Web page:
Keeping Your Umbrella Etiquette-ful


When it rains, it pours, as the saying goes.  Having an umbrella available is essential at times like this.  Even in a sunny climate, an UV protected sun umbrella is useful when wearing a hat may be awkward.

Regardless of the types of umbrellas you may use – retractable, classic, bubble, or fashion umbrella – there are certain “must do’s” etiquette-wise.  Carrying and using one requires a level-up in courtesy as you enter common and shared space with other people.

The “Must-do’s” of Umbrella Use

  • Carrying an umbrella increases your personal space; that is, you now have more to manage and you’ve increased the chances of invading another person’s space.  This is especially important when you are on a city street. 
  • Open your umbrella only when you are outside and away from doors.
  • When you enter a building, close your umbrella and place it immediately in its cover or in an umbrella receptacle.  Avoid leaning it partially opened against a wall and avoid shaking the water off as this creates a slippery floor.  In your office, find a place to tuck it away (even under your desk), to avoid cluttering.
  • When you are walking, observe traffic sidewalk rules and walk on the correct side (right side in the U.S. and most other countries) to avoid a colliding with other people - and their umbrellas.  
  • If you are shorter in stature, be keenly aware and keep your eyes upward, as it’s dangerous to walk under a taller person with an opened umbrella.  He/she could suffer injury.
  • If you are a taller person, be ready to raise your umbrella as you pass others on the street.
  • Offer to share your umbrella when another person is walking with you in the rain without one. 
  • When it’s very windy put your umbrella away.  It’s no good battling the wind and your umbrella is at risk of being turned inside out and/or damaged. 
  • If you are a couple, try to use one umbrella if possible.  As a unit you take up more space and increase the chances of bumping into someone else.
  • When you are holding a closed umbrella while talking or walking, keep the tip end pointed toward the ground; never hold it sideways as the tip or handle could hurt someone.  Hold with with both hands, if possible, to keep it secure. 
  • On a train, or any public transportation, do not take up additional seating space for your item.
  • If you intrude into someone else’s space, apologize immediately.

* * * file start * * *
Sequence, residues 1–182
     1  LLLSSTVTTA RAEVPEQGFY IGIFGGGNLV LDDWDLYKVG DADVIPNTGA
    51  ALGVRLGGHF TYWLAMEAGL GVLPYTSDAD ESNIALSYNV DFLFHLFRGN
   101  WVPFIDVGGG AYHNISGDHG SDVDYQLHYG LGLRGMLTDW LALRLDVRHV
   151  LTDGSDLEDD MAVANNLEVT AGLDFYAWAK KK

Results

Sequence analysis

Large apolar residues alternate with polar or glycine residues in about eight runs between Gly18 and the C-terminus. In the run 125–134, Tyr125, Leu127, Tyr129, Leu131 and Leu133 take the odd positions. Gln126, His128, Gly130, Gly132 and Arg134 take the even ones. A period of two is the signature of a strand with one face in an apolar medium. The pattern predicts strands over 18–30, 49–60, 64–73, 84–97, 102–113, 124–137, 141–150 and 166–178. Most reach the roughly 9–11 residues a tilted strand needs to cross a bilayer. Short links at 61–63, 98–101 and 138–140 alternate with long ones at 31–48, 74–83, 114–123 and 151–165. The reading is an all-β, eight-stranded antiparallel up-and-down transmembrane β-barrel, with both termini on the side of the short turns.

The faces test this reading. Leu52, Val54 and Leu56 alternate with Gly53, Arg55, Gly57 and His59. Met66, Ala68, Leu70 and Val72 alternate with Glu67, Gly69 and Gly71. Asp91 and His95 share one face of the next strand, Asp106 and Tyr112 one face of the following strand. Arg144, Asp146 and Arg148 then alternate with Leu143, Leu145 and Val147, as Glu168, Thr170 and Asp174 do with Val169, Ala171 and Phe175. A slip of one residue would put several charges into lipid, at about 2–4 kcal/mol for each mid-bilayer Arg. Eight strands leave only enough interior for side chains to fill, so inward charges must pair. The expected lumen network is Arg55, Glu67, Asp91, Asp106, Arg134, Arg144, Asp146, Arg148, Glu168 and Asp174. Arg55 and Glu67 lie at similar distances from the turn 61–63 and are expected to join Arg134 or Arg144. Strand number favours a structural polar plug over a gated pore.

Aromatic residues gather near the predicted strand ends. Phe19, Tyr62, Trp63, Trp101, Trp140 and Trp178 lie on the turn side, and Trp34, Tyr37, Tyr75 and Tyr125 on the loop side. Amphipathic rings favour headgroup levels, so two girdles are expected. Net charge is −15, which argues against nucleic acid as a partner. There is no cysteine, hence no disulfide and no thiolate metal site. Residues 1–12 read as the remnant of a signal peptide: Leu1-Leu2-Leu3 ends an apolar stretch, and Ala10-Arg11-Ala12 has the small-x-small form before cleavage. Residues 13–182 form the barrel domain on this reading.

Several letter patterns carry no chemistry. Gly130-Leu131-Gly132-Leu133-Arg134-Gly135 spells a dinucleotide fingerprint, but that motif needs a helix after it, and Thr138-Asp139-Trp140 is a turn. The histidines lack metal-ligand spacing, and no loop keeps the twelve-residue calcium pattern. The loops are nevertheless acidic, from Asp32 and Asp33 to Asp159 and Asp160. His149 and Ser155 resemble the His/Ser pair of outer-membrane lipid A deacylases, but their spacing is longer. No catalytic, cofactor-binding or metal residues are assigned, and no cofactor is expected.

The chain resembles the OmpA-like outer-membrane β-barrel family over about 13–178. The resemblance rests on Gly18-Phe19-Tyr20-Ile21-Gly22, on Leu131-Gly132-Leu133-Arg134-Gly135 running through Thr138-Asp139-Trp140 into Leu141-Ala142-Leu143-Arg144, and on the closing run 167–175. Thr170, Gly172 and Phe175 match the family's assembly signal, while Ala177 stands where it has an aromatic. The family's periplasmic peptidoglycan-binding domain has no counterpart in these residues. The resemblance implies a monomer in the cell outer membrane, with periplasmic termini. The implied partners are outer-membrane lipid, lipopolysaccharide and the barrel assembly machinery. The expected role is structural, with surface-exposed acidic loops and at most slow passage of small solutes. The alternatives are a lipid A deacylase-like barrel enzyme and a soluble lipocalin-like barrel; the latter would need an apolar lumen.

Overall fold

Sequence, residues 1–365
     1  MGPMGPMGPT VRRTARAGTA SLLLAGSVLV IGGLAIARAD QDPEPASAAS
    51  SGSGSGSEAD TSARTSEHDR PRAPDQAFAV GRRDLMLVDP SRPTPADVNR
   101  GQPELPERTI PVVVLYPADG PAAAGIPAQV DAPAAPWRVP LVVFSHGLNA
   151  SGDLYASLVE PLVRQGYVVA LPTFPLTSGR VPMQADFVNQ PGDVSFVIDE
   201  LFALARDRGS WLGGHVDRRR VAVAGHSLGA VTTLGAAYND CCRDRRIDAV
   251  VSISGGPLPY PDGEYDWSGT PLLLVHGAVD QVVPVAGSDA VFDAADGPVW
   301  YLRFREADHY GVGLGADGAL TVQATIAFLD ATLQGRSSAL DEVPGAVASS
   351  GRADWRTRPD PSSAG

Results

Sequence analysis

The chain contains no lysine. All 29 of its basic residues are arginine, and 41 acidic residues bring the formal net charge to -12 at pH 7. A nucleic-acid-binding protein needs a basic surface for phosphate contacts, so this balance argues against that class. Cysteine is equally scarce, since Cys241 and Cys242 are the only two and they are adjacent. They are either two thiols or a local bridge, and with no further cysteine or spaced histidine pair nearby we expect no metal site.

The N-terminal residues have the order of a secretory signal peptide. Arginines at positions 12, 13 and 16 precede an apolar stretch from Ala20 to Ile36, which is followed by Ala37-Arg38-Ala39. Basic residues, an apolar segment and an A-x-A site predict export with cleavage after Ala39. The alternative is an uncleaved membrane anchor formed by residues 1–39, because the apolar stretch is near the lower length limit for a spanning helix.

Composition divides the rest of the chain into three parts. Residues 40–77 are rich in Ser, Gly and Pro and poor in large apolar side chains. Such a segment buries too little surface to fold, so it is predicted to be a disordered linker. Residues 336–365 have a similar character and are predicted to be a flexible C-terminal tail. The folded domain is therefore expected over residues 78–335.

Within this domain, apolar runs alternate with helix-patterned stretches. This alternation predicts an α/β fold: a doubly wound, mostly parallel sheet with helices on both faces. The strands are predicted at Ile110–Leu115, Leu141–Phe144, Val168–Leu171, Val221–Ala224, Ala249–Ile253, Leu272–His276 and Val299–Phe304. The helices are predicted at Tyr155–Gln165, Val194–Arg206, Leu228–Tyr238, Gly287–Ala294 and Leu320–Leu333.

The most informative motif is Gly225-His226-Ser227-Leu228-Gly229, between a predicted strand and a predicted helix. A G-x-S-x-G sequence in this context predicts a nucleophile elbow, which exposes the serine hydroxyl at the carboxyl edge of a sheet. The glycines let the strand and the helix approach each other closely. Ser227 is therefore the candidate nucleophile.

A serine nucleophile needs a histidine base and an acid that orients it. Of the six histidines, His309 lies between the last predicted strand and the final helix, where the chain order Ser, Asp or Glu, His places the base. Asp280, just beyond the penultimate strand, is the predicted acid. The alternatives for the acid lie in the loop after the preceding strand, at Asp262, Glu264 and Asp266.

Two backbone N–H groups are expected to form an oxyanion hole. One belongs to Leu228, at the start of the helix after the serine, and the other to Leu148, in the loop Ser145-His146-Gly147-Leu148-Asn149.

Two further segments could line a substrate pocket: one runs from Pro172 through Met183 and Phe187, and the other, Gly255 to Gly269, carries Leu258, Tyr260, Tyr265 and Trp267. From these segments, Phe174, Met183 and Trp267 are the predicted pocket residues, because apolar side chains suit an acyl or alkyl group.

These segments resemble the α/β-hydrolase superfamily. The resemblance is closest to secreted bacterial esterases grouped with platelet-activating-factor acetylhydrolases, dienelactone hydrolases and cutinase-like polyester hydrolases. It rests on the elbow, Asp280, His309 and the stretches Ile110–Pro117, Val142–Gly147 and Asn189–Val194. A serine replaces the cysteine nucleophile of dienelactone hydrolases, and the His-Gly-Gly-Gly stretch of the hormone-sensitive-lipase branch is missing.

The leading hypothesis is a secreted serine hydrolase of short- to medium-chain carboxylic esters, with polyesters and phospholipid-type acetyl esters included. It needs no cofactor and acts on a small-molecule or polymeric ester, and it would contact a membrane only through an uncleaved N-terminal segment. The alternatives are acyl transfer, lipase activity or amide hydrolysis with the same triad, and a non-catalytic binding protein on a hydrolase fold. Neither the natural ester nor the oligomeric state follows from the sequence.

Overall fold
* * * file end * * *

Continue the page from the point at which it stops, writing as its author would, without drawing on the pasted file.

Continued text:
• Be careful not to pick up someone else’s umbrella in a shared umbrella container.

FAQ’s on Umbrella Etiquette

  • Should you share with a stranger?  
    Yes, if someone else is being drenched with rain and you are close-by, sharing your umbrella is called for as a common courtesy - and a kind gesture.
  • When a man and a woman are walking together, should the man hold the shared umbrella? 
    The tallest of the two should hold the umbrella. 
  • If I am afraid to leave my umbrella in the container at a public place due to possible theft, what should I do with it?
    You may want to hang it inside your coat at the coat rack.  If it is retractable and closed, consider putting it under you chair.  Include a tag or label that makes it less likely that someone might confuse your item with his. 
  • If someone is swinging or fiddling with his umbrella during a conversation, how should I tell him that it’s rude to do that? 
    Say something like, “John, I know you don’t mean to distract me from our conversation with twirling.”  Or “Louise, I’m getting nervous as I watch some of your fancy moves.” 
  • If you notice that your friend lets the person he is walking with get wet while he remains dry, should you tell him that he needs to be more considerate?
    Ask your friend if he is aware that Marie got very wet as they were walking side by side.  Chances are he will pause and reflect.  Or, you might let Marie bring it to his attention.

An umbrella is a handy tool and learning how to use it properly is no different than learning how to correctly use your utensils when you dine.  Mishaps or apparently rude incidents of poking, stabbing or bumping aren’t intended.

A rainy day can put many people on edge as they hurry about attempting to stay dry.  Patience and understanding will help ease everyone, including yourself, through the challenge.